Worker raises questions over food service
Questions raised by a member of the food service staff in the Somerset schools has brought scrutiny to the quality of the food served to students.
The food service for the district is handled by an independent company, A'viands Food and Service Management.
The allegations were brought by Nicole Weidinger, a member of the food service staff at the high school for more than a year.
Weidinger's main concerns were over mold in food items like bread and shredded cheese and mold in a walk-in cooler where food was stored.
Weidinger's complaints led to a surprise inspection last Tuesday by St. Croix County Public Health sanitarian Laurie Diaby. Diaby handles the inspections of 350 food service locations in St. Croix County each year and has taken care of the Somerset school checks for the past seven years.
"I don't remember any problems in the past," Diaby said of the school district inspections.
In the inspection last week, Diaby said she did find some spots of "light mold" in the walk-in cooler. She said that walk-in coolers are an area of high moisture and mold can grow easily in those areas. She said she did not see anything wrong mechanically in the cooler that would cause a mold problem.
It was her recommendation that the coolers be cleaned more frequently with a bleach solution.
Diaby reported that she did not see any molded food in use. She recommended that any shredded cheese showing mold be discarded.
Diaby said she felt the cleanliness of the Somerset school food service was the equal of others in the county.
"All the schools in St. Croix County do a wonderful job," she said.
A'viands is a culinary company specializing in food and services management based in Minneapolis and St. Paul. A'viands operates in nine states and nearly doubled revenues between 2005 and 2007, growing from $34 million to $62.9 million. The markets it serves include higher education, health care, k-12 schools, corporate dining and corrections.
Rick Sorel, the president and chief operating officer at A'viands, said the company follows state or federal standards for food handling.
Sorel said all A'viands food is handled according to HACCP (Hazard Analysis and Critical Control Standards) through the Food and Drug Administration.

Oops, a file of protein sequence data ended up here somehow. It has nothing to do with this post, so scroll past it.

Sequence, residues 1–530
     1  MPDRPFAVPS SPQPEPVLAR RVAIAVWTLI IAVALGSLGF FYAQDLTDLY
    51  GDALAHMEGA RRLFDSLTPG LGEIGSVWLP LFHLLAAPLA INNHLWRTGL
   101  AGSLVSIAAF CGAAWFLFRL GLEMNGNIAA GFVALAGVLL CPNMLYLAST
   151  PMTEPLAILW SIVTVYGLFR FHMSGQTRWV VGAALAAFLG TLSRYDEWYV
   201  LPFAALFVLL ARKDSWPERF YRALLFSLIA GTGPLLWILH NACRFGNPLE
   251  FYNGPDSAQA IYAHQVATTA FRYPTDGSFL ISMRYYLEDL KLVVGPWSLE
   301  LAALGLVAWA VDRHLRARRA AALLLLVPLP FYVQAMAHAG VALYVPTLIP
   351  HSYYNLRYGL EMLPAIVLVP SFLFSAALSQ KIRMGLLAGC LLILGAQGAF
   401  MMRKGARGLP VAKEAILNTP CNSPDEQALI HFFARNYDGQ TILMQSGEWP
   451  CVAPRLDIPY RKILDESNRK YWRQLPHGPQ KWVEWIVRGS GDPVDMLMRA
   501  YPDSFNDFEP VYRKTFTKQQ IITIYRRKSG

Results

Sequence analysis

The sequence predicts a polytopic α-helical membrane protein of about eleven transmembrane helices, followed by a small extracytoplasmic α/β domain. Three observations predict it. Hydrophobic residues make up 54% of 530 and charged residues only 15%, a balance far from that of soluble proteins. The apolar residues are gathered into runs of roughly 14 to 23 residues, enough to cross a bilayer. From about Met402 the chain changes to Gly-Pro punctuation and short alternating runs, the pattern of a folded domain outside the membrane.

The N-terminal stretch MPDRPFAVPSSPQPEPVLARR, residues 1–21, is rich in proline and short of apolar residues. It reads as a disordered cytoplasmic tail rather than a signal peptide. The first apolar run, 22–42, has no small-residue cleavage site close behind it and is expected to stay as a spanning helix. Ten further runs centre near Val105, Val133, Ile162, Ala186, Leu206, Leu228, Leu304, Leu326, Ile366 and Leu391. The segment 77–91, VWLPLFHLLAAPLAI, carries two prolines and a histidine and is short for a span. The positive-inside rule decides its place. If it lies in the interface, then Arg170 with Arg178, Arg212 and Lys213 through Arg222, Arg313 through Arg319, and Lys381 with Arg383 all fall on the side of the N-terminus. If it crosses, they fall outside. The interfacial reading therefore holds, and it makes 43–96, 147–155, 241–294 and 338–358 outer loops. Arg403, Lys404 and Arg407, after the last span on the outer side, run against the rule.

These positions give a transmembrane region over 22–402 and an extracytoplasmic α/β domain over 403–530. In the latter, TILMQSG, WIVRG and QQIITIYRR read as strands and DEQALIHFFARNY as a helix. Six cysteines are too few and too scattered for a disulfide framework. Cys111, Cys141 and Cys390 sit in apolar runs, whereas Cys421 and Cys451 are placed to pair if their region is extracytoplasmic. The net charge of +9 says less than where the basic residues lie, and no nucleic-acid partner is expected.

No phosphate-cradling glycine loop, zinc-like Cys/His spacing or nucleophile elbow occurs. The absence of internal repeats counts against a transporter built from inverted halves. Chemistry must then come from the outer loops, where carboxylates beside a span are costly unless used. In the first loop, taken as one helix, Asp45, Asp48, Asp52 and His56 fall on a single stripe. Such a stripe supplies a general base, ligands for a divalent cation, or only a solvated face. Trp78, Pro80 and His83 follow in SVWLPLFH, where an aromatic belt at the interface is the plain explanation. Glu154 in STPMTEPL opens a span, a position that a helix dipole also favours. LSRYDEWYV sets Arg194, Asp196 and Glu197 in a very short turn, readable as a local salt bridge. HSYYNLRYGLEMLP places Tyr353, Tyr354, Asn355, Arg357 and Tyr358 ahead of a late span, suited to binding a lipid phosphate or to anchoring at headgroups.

Sorel said in speaking with the food service staff at Somerset, they did recall one instance where moldy shredded cheese may have gotten in the food rotation. It was cheese that had been frozen and reached the mold stage quicker than anticipated.
As far as mold issues in walk-in coolers, Sorel said the company has cleaning procedures for all equipment, including ovens and coolers.
"The cleaning process is very thorough," Sorel said. "We're very careful in how we handle foods."
A'viands does serve several school districts in the state, mostly in the Milwaukee area. Sorel said the company is considering making bids to River Falls and St. Croix Falls school districts where contracts are being completed.
David Dees, the interim director of the School Nutrition Team for the Wisconsin Department of Public Instruction, was contacted on the issue.
Dees said schools are required to be inspected two times a year by registered sanitarians, under a USDA rule. He said school food services are under more strict standards than restaurants.
Of the issues raised in this case, Dees was most concerned about allegations that mold might be picked out of shredded cheese or bread and the rest of the package fed to students.
"That's unacceptable," Dees said about mold in cheese. "You can see visible contaminants, but there may be more."
One issue Weidinger claimed was food was being used after its "best if served by" date. Dees said the state "strongly encourages" food to be served by the dates on packages. He said this is especially important in "high protein foods that support growth like milk, cheese and meats."
Weidinger, who has a child attending Somerset Elementary School, said she's learned a great deal from going through this process. She said her goal was to make sure the food served to the children in the district is the best it can be.
Weidinger's concerns were brought to light in a letter to the editor in this week's issue of The News. Since she made her claims, she said she has seen changes made in the food handling in the schools.
"There's no reason those kids should have to eat food that's past its quality assured date," Weidinger said. "I think a lot of other parents would feel the same way."